Saturday, November 26, 2022

Ukraine war latest: Authorities exhume around 1,000 bodies in recently liberated territories

by Thaisa SemenovaOctober 26, 2022 10:39 pm
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Ukraine war latest: Authorities exhume around 1,000 bodies in recently liberated territoriesA coffin is seen in Izium, Kharkiv Oblast on Sept. 30, 2022. In. total, 447 bodies were found at a mass burial site in Izium. (Getty Images)

Key developments: 

  • Russia's recent attacks cause energy giant DTEK $40 million
  • General Staff says Russia has lost 480 troops in Ukraine in past 24 hours
  • Ukrainian military repel Russian attacks near 11 settlements
  • Belarus conscripts drivers, mechanics to help Russian army.

Ukrainian authorities said on Oct. 26 they exhumed the bodies of about a thousand people in recently liberated areas.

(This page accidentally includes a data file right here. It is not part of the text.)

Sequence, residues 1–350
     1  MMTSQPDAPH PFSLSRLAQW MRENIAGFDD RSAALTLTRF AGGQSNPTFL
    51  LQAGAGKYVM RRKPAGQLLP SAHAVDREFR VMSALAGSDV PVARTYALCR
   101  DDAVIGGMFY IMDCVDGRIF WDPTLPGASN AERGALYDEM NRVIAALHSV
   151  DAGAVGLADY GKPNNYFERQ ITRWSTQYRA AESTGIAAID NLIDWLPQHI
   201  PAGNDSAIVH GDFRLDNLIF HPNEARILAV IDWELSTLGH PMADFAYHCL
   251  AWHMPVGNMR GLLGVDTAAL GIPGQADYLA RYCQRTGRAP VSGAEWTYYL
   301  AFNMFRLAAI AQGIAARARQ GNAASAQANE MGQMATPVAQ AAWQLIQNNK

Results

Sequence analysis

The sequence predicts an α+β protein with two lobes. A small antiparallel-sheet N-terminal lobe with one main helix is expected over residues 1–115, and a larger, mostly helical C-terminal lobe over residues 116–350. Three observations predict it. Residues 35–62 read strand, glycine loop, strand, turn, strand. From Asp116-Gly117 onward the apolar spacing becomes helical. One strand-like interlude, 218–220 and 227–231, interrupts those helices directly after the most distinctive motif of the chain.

According to the Reintegration Ministry, the bodies of civilians – including children – were exhumed alongside the remains of military personnel.

The number includes 447 bodies found at a mass burial site in Izium, Kharkiv Oblast, that was liberated in September.

However, the ministry didn't specify the names of other settlements where Ukrainian authorities exhumed bodies.

Prior, Donetsk Oblast Police reported that the bodies of 111 civilians and 35 soldiers were found in the mass burial site in the recently liberated town of Lyman.

The killed people were buried in trenches, and some graves were unmarked, police said.

In Lyman, a total of 25 burial sites have been found since liberation. A total of 58 mass burial sites have been found in the liberated settlements across Donetsk Oblast, police said.

Russia's losses

The General Staff of Ukraine's Armed Forces reported on Oct. 26 that Russia had lost 480 troops in Ukraine over the past 24 hours alone, bringing the total number of its service members lost since the start of the invasion to 68,900 so far.

According to the General Staff, the representatives of Russian private military campaigns are recruiting prisoners in the Bryansk region to replenish combat losses.